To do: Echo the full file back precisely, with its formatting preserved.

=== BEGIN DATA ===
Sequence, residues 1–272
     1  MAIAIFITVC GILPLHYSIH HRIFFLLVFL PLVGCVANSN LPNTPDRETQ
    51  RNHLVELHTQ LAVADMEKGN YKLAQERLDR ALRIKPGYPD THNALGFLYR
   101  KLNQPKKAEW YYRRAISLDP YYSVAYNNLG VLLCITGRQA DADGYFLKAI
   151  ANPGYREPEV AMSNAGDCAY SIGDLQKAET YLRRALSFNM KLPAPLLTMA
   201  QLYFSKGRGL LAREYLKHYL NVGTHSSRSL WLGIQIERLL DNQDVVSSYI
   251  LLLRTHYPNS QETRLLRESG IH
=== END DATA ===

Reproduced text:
Sequence, residues 1–272
     1  MAIAIFITVC GILPLHYSIH HRIFFLLVFL PLVGCVANSN LPNTPDRETQ
    51  RNHLVELHTQ LAVADMEKGN YKLAQERLDR ALRIKPGYPD THNALGFLYR
   101  KLNQPKKAEW YYRRAISLDP YYSVAYNNLG VLLCITGRQA DADGYFLKAI
   151  ANPGYREPEV AMSNAGDCAY SIGDLQKAET YLRRALSFNM KLPAPLLTMA
   201  QLYFSKGRGL LAREYLKHYL NVGTHSSRSL WLGIQIERLL DNQDVVSSYI
   251  LLLRTHYPNS QETRLLRESG IH